Energy is spent in a number of forms but not recycled. As a result, we rely heavily on energy generation methods that often result in pollution or consumption of resources. While renewable energy is taking strong roots, London’s underground system has a new approach to harvest enough energy to power up to 104 homes! The braking energy is drawn from Victoria line trains. The energy captured can effectively power up the entire Holborn station for more than two days a week. Currently, the London Underground is testing an inverter system on a trial basis. This alone promises savings of up to 6 million pounds each year. An additional advantage of harvesting braking energy is the reduction of heat produced from the brakes, which means the stations are cooler. In fact, this leads to a saving of up to 1 MWh of cooling power per day.
It all starts with the big players when it comes to trends in the business world. So it goes with inspiring clean energy and sustainable efforts to preserve the planet. Some of the largest American companies including Walmart, Salesforce, Nike and Starbucks have committed to using clean energy that is generated from solar and wind sources. Spearheaded by a non-profit group called The Climate Group and environment data firm CDP, the group of nine Fortune 500 companies pledged to join the RE100 campaign. The Climate Group had also hosted a week-long event in New York to focus on climate change around the same time.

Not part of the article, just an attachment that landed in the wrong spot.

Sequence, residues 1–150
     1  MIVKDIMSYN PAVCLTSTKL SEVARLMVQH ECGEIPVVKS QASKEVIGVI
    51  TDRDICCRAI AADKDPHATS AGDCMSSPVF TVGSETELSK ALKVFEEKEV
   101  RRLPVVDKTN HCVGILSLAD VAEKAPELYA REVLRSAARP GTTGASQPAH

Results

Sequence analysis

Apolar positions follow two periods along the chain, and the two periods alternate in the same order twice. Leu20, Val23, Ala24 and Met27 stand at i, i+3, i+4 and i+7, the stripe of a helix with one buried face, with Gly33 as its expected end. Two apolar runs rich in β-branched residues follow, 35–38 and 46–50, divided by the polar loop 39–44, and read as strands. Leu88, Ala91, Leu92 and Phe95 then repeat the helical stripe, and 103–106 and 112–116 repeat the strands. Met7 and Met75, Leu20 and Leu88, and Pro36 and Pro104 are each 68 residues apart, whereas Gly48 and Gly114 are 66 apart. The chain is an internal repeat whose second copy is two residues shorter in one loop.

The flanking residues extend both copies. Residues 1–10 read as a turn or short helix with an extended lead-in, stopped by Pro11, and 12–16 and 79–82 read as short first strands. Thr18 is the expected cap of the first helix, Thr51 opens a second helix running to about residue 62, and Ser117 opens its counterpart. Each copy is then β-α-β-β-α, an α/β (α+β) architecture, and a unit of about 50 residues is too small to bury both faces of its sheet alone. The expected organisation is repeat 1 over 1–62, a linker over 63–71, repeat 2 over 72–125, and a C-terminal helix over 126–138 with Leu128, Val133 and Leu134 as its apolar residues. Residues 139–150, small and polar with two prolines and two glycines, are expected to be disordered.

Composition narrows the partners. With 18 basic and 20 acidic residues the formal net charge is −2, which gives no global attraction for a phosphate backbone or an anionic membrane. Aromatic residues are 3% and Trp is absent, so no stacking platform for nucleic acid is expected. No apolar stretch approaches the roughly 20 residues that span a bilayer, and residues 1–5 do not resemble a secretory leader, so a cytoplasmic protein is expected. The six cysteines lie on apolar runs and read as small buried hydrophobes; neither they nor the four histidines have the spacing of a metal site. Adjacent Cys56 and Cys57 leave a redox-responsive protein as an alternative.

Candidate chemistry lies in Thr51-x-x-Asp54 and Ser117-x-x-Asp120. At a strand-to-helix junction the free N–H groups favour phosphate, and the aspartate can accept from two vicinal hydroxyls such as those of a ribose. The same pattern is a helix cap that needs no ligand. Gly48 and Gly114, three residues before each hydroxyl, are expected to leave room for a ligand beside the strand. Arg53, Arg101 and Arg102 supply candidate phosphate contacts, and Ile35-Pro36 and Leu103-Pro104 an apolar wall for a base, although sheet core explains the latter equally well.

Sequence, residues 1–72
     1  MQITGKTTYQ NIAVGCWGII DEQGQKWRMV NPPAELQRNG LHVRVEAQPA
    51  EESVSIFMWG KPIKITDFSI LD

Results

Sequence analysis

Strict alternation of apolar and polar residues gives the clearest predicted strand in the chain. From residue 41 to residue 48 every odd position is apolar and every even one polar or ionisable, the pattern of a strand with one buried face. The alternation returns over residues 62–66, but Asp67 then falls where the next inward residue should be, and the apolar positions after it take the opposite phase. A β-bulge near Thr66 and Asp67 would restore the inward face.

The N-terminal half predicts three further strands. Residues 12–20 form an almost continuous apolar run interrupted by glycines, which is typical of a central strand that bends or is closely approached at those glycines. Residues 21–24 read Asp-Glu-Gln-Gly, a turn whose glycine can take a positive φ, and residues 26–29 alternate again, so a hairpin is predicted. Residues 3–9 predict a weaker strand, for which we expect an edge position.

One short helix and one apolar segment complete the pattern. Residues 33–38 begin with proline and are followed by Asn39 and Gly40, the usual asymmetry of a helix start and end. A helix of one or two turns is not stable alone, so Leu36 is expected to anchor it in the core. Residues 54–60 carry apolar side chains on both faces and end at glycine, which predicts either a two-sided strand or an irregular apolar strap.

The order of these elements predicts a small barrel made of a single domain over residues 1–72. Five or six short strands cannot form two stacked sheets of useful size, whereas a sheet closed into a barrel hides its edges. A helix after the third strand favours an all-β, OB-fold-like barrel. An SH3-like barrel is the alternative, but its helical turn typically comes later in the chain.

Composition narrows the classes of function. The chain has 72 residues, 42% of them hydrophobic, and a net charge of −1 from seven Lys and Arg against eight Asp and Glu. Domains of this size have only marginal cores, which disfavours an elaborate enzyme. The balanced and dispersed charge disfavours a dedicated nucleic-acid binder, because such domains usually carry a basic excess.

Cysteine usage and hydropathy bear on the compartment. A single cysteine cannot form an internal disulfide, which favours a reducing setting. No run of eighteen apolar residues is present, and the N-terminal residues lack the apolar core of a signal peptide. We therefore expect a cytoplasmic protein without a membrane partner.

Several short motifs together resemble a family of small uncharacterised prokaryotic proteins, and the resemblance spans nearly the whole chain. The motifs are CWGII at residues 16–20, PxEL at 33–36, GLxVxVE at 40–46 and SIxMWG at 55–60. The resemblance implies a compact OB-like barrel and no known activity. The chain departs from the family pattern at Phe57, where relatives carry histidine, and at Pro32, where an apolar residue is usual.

Back in 2008, Norway, a country far away from all things amazon, decided to support Brazil’s rainforest with a payout of $1 billion to the latter. It’s been years and the Scandinavian nation is finally paying out its final $100 million to the Brazilian authorities with much pride and joy, all thanks to Brazil’s conservationists who have more than fulfilled their end of the bargain. The country has seen a reduction of amazon destruction rate by 75%. Brazilian farmers and rangers have saved more than 33,000 square miles of land, which equals nearly 14.3 million soccer fields, from being cut down. Since we’re talking numbers, the Norway-subsidized efforts in Brazil’s portion of the amazon has led to a reduction of 3.2 billion tons of carbon dioxide emissions. This is how much America would save by ridding its streets of cars for three years!